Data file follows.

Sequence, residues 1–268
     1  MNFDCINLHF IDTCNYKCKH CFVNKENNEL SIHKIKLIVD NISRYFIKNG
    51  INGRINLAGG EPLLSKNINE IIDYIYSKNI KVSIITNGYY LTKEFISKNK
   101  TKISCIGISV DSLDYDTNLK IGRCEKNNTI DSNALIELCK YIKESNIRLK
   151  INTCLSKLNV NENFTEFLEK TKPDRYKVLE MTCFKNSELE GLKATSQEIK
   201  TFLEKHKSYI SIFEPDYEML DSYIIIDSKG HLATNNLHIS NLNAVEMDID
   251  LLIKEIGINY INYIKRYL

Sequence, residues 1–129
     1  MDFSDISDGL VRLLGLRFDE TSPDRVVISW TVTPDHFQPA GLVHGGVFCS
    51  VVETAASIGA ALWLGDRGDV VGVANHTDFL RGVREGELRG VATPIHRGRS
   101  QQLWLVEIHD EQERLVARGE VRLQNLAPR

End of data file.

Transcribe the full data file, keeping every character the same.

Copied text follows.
Sequence, residues 1–268
     1  MNFDCINLHF IDTCNYKCKH CFVNKENNEL SIHKIKLIVD NISRYFIKNG
    51  INGRINLAGG EPLLSKNINE IIDYIYSKNI KVSIITNGYY LTKEFISKNK
   101  TKISCIGISV DSLDYDTNLK IGRCEKNNTI DSNALIELCK YIKESNIRLK
   151  INTCLSKLNV NENFTEFLEK TKPDRYKVLE MTCFKNSELE GLKATSQEIK
   201  TFLEKHKSYI SIFEPDYEML DSYIIIDSKG HLATNNLHIS NLNAVEMDID
   251  LLIKEIGINY INYIKRYL

Sequence, residues 1–129
     1  MDFSDISDGL VRLLGLRFDE TSPDRVVISW TVTPDHFQPA GLVHGGVFCS
    51  VVETAASIGA ALWLGDRGDV VGVANHTDFL RGVREGELRG VATPIHRGRS
   101  QQLWLVEIHD EQERLVARGE VRLQNLAPR